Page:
Regarding “Wearing defiance (but not on her sleeves),” on sixth-grade Portland schoolgirl Molly Neuner’s protest over a dress code (Page A1, April 13):

Schools are not only for education – they are also stages where young people may learn the power of dressing appropriately for the circumstances.

It was more than a “distraction” when a man came to my older son’s First Communion dressed in plaid shorts, a polo shirt and knee-high white socks. It was an affront to a sacred occasion, communicating to the children that this once-in-a-lifetime event was on par with playtime.

I also recall a woman attending a church wedding in a very tight cropped top, designed to show off her well-toned midriff and implying that her mind was less on the couple getting married than on herself.

And then there was the young teller whose tight, low-cut top suggested she was more interested in the attentions of the male clients than she was in doing her job.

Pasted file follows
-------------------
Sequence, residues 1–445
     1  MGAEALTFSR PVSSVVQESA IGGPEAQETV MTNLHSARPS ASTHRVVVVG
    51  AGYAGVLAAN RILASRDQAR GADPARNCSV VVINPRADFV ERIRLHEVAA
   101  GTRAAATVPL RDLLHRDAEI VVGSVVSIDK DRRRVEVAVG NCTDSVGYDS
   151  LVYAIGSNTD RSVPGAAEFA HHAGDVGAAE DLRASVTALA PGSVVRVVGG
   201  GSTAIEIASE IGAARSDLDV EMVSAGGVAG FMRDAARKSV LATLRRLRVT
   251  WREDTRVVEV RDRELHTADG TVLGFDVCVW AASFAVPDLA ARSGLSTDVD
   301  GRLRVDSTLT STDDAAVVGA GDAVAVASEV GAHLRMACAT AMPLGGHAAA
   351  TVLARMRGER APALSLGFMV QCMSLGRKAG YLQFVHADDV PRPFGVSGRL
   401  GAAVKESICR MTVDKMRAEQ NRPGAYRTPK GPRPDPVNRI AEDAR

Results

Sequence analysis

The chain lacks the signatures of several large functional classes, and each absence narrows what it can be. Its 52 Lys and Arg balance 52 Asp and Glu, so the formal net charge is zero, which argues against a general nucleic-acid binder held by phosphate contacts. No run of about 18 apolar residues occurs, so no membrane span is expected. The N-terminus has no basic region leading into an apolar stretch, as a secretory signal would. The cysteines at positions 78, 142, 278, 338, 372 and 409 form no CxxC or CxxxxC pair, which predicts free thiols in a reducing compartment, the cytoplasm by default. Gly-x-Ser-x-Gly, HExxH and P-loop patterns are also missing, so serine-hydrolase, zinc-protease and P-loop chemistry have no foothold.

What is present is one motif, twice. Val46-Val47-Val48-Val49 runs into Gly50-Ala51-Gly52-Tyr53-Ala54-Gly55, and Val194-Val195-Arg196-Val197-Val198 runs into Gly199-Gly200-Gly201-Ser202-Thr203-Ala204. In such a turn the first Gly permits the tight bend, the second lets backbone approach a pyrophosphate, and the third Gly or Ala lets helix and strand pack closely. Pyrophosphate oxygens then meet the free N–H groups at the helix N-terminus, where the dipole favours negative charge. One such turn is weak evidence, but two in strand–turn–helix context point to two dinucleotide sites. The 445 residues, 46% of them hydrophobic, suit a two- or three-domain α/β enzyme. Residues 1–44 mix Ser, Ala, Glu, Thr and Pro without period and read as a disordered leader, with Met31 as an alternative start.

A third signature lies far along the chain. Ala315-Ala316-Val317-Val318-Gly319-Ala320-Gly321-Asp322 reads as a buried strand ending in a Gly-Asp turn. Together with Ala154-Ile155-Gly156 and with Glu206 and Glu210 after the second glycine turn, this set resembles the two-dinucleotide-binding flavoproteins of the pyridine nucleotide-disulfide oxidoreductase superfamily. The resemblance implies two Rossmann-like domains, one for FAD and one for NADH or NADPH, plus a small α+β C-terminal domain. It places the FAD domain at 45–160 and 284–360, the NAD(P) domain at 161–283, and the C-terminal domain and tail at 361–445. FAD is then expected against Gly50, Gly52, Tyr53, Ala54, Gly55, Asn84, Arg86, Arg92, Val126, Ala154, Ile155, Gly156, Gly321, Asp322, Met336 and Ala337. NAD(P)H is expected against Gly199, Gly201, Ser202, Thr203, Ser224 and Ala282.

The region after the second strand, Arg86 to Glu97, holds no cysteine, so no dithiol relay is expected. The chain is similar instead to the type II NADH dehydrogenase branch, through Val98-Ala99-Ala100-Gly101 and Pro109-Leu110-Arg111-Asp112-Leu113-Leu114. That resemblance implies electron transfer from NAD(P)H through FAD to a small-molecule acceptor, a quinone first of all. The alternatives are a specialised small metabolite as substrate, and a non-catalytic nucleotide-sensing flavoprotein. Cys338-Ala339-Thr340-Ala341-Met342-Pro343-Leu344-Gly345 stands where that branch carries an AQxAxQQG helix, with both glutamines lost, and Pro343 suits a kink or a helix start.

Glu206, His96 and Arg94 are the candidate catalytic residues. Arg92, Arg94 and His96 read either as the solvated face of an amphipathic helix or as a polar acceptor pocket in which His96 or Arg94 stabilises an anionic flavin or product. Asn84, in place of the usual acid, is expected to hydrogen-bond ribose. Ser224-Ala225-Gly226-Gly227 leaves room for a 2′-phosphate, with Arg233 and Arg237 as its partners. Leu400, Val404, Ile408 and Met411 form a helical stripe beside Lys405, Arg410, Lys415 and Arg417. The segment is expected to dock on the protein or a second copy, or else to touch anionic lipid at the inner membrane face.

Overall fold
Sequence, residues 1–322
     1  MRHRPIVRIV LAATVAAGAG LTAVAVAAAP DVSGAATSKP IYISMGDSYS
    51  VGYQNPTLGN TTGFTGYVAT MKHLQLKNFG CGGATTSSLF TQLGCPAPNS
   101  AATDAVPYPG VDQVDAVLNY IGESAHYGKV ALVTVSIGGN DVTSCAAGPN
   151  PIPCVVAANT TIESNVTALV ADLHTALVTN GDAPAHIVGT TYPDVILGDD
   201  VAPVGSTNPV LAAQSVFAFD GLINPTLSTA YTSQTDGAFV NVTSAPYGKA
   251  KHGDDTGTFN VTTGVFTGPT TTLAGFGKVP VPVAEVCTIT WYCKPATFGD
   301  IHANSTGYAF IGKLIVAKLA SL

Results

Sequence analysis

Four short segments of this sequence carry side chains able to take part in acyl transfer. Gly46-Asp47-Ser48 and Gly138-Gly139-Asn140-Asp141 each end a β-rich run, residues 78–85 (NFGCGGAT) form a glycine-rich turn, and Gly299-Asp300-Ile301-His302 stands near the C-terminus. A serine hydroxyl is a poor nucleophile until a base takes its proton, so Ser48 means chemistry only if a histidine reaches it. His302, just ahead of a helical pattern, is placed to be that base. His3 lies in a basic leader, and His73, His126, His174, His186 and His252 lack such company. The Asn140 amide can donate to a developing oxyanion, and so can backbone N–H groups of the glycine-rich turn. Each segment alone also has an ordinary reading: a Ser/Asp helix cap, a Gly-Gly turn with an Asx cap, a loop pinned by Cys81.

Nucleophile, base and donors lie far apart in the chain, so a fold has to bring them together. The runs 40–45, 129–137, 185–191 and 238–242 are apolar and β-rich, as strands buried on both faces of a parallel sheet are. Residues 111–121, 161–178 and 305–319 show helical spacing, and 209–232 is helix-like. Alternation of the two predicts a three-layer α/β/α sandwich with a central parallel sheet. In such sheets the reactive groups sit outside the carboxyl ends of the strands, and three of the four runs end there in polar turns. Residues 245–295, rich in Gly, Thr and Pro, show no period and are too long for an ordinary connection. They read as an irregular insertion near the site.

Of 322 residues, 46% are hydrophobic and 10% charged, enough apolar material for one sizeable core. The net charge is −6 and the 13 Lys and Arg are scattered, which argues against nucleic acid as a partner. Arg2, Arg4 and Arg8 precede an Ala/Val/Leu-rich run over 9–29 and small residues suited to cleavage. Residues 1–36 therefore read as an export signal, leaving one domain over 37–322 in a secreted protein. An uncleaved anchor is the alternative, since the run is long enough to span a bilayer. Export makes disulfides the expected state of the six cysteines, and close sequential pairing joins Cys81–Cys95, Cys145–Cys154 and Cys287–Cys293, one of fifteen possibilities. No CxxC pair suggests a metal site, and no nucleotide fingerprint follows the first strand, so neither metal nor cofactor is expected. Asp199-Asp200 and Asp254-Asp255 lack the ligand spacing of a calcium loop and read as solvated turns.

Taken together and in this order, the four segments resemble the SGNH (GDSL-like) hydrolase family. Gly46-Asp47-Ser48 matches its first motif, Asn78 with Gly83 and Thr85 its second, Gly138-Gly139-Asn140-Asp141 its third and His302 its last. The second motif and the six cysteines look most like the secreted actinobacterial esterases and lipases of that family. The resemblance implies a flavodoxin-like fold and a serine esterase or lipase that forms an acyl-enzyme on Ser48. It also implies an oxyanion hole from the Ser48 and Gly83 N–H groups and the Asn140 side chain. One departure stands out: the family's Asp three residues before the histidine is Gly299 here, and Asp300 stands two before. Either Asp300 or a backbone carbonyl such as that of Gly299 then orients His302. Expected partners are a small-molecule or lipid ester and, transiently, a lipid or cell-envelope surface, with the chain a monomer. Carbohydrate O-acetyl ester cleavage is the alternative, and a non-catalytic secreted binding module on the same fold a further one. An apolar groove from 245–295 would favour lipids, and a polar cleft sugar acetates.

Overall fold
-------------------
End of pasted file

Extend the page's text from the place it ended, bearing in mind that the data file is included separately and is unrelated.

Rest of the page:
Scanty clothing may not be a distraction in a casual environment, but it is when a higher purpose is at hand. That is why teachers, administrators and other school staff do not come to their jobs in tank tops and shorts.

Young people need to understand that it is not their bodies per se that are the distraction, but the message they send through their clothing choices. If I were a teacher and young Molly showed up in my class in a tank top, I would question if her mind was more on being at the beach than on her studies. And, yes – that is a message I would not want her fellow students to be receiving.

Zoe Gaston

Cape Elizabeth